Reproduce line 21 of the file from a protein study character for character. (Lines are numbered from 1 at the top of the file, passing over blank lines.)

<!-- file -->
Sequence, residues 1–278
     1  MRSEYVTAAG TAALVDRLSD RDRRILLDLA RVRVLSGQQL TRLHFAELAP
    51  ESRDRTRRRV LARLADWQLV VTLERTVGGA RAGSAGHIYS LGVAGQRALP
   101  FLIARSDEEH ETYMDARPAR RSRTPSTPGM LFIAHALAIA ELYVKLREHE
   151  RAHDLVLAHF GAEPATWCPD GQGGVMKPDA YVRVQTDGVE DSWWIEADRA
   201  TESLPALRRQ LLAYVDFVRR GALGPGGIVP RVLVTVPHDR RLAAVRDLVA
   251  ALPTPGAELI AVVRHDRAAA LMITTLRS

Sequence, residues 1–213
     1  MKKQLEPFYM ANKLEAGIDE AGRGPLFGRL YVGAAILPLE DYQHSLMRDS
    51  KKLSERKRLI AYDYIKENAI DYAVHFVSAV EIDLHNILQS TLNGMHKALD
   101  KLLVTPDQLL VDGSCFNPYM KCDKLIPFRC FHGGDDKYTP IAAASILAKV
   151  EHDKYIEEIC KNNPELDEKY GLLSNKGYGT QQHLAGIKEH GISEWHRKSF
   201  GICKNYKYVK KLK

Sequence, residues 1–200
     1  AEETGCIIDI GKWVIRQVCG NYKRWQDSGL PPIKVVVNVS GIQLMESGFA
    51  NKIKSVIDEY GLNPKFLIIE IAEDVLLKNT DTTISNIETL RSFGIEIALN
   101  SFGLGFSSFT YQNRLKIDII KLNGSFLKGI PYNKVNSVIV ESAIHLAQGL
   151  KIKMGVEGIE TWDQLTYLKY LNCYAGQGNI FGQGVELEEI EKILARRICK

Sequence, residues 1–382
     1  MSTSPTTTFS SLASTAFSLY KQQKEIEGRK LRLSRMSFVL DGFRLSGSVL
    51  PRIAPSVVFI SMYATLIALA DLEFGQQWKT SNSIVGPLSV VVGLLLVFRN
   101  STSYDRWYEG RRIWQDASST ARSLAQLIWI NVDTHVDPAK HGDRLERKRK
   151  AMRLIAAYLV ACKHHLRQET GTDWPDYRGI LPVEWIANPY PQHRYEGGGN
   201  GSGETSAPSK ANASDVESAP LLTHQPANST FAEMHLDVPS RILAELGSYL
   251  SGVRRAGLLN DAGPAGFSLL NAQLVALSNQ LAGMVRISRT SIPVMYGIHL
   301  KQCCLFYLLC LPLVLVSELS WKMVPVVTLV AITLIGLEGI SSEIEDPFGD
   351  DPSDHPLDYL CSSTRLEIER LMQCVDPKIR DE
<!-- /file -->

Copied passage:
    51  PRIAPSVVFI SMYATLIALA DLEFGQQWKT SNSIVGPLSV VVGLLLVFRN